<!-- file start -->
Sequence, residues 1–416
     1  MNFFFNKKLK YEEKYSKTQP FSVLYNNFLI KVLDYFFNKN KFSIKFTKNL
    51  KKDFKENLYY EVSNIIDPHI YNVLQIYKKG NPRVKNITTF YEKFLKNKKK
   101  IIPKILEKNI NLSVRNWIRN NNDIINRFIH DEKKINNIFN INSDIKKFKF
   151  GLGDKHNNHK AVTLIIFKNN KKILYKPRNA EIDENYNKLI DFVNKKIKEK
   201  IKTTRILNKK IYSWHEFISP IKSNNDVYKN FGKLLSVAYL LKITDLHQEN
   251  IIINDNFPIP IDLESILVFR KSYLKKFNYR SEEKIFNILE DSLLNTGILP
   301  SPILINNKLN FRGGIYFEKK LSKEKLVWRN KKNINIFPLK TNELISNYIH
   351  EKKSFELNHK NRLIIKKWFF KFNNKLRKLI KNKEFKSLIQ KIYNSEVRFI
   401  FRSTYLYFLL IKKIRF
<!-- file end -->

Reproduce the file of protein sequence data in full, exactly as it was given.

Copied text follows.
Sequence, residues 1–416
     1  MNFFFNKKLK YEEKYSKTQP FSVLYNNFLI KVLDYFFNKN KFSIKFTKNL
    51  KKDFKENLYY EVSNIIDPHI YNVLQIYKKG NPRVKNITTF YEKFLKNKKK
   101  IIPKILEKNI NLSVRNWIRN NNDIINRFIH DEKKINNIFN INSDIKKFKF
   151  GLGDKHNNHK AVTLIIFKNN KKILYKPRNA EIDENYNKLI DFVNKKIKEK
   201  IKTTRILNKK IYSWHEFISP IKSNNDVYKN FGKLLSVAYL LKITDLHQEN
   251  IIINDNFPIP IDLESILVFR KSYLKKFNYR SEEKIFNILE DSLLNTGILP
   301  SPILINNKLN FRGGIYFEKK LSKEKLVWRN KKNINIFPLK TNELISNYIH
   351  EKKSFELNHK NRLIIKKWFF KFNNKLRKLI KNKEFKSLIQ KIYNSEVRFI
   401  FRSTYLYFLL IKKIRF